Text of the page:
Traits and impls

Traits and impls provide a way to define abstract behavior and implement it in a concrete manner. Traits define a set of related functions, while impls provide the actual implementation of those functions. This feature promotes code reusability and modular design.

1. Example

trait Display<T> {
    fn display(x: T) -> Array<u8>;
}

impl DisplayUsize of Display<usize> {
    fn display(x: usize) -> Array<u8> {
        ...
    }
}

fn main() {
    // Can be called by the trait name.
    let a = Display::display(5_usize);
    // Can be called by the impl name.
    let b = DisplayUsize::display(5_usize);
    // Cannot be called by the type name.
    // T::display(value) - Does not work.
}

Note that unlike Rust, impls have names, so that they can be explicitly specified.

2. Impls as generic parameters

In Cairo, impls can be used as generic parameters, allowing for a more flexible and modular design. For example, the following code defines a function that takes a generic parameter T and an implementation of the Display<T> trait:

fn foo<T, impl TDisplay: Display<T>>(value: T) {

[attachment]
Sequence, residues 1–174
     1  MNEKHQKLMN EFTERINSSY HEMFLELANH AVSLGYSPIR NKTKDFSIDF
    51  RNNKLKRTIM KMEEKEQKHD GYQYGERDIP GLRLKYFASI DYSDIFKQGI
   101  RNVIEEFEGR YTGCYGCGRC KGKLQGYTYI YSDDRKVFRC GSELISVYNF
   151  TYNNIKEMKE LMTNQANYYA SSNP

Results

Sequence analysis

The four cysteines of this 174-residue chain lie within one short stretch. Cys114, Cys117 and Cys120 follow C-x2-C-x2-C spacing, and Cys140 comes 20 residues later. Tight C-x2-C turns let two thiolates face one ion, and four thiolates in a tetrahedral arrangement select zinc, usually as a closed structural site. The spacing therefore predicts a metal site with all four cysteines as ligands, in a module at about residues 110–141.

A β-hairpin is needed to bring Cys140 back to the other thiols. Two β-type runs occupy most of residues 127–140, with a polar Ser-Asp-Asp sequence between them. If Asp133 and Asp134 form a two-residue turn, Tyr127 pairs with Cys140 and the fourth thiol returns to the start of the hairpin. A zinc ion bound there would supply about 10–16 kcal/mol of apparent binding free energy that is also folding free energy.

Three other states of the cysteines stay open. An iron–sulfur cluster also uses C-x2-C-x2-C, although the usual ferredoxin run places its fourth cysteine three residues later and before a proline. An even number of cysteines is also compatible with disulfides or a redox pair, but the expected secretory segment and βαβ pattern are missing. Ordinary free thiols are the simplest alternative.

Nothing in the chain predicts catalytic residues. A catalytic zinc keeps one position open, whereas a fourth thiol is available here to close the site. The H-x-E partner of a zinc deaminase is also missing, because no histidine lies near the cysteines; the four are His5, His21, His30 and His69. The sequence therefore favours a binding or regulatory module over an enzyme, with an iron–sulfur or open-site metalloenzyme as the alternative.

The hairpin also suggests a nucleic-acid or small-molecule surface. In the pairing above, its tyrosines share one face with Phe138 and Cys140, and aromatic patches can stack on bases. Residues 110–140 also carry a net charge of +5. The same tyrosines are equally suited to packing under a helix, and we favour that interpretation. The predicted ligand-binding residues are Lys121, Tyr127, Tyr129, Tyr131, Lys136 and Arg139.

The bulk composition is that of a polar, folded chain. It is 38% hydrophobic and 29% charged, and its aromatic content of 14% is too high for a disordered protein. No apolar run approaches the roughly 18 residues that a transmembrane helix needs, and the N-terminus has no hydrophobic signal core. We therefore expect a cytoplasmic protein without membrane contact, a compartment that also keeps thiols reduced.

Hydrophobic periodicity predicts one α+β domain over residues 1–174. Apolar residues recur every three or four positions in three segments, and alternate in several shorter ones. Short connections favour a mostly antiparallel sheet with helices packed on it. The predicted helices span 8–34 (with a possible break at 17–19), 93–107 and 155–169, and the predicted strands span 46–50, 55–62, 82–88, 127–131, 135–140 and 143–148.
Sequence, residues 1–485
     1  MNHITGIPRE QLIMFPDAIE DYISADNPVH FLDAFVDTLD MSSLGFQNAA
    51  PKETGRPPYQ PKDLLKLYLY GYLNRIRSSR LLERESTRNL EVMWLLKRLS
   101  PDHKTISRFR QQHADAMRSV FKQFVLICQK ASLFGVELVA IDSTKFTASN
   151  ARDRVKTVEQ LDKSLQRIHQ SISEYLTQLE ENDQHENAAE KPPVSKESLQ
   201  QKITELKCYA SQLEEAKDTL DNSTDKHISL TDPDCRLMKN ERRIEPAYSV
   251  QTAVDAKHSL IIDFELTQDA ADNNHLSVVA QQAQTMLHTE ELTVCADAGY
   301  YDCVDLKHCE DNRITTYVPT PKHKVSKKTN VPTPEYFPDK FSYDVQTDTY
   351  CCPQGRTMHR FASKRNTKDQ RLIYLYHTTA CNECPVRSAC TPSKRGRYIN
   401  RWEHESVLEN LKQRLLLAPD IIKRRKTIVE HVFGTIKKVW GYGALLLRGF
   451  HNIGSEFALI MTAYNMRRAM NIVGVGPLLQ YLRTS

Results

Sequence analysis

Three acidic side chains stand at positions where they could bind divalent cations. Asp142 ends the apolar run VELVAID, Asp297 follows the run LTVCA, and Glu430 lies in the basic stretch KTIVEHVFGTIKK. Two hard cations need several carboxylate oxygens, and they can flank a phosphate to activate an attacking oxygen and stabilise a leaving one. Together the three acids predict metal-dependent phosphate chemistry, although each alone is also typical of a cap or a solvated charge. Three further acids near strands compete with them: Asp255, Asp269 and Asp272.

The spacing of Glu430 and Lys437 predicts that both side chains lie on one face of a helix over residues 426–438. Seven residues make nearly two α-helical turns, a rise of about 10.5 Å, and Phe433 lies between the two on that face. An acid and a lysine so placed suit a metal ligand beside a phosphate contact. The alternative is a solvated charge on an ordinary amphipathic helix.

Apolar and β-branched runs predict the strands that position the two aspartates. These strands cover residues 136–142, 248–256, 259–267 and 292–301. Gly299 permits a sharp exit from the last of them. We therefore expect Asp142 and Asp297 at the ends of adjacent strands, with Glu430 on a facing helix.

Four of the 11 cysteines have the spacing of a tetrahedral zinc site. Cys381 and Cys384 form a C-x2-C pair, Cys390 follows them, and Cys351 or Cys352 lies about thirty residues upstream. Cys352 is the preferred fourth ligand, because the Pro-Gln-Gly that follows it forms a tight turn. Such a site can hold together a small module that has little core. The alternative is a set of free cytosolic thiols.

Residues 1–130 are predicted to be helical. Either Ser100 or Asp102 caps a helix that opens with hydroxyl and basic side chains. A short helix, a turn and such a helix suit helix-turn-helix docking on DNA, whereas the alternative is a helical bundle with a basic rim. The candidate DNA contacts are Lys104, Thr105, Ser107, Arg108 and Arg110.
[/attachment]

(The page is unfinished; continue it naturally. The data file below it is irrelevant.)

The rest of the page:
let a = TDisplay::display(5_usize);
    let b = Display::display(value);
}

3. Impl inference

When a trait function is called, the compiler will try to infer the impl.

4. Methods

Impls are used to define methods.

5. "of" keyword and difference from Rust

In Cairo, the of keyword is used in impls to specify the concrete trait that is being implemented, rather than implementing the trait for a specific type, as is done in Rust with the for keyword. The main difference between Cairo and Rust in this context is that Cairo doesn’t have a direct type-to-trait implementation relationship. Instead, Cairo emphasizes implementing the trait directly, with the concrete trait name specified after the of keyword.